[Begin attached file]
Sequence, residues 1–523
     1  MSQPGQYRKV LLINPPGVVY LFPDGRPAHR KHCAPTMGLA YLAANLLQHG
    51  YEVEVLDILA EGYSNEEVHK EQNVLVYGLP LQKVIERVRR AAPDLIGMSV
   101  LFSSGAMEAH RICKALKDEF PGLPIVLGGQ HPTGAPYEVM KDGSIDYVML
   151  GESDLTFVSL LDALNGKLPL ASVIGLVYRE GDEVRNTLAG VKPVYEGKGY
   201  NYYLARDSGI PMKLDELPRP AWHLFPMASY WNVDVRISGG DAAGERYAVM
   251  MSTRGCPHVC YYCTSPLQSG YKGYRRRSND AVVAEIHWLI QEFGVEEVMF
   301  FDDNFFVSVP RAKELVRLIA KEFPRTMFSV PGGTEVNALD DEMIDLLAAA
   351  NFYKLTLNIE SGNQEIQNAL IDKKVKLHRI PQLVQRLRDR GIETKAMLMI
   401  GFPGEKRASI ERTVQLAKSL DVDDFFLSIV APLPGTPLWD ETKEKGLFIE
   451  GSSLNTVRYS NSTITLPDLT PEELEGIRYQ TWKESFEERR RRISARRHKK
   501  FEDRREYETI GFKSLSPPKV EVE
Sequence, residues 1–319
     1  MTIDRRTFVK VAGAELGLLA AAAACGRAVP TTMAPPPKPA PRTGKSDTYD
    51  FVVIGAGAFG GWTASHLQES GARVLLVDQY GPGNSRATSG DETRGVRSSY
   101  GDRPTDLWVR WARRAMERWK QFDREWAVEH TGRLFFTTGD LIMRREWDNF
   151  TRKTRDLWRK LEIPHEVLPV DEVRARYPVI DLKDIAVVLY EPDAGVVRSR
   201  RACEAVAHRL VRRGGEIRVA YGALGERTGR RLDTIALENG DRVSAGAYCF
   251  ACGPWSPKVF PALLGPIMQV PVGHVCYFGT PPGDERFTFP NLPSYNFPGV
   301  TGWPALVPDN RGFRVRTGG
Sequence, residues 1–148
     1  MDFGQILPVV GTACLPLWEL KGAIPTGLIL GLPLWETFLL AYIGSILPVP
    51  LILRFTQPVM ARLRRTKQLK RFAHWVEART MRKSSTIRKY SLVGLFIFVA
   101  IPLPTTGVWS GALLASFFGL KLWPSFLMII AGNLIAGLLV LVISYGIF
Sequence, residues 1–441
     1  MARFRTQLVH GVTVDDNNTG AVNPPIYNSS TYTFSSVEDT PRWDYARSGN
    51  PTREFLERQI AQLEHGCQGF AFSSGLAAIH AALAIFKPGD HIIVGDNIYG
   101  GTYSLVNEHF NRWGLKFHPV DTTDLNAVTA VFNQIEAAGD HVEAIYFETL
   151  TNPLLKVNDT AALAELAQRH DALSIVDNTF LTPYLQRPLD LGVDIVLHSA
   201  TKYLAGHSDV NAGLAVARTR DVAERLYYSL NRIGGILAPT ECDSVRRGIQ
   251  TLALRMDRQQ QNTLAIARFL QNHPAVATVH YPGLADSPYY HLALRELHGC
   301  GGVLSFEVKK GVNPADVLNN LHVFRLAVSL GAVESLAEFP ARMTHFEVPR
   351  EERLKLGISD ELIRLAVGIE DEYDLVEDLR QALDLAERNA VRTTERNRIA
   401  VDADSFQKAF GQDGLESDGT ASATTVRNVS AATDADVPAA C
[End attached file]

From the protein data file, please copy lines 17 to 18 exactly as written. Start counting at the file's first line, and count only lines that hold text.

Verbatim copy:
   151  TRKTRDLWRK LEIPHEVLPV DEVRARYPVI DLKDIAVVLY EPDAGVVRSR
   201  RACEAVAHRL VRRGGEIRVA YGALGERTGR RLDTIALENG DRVSAGAYCF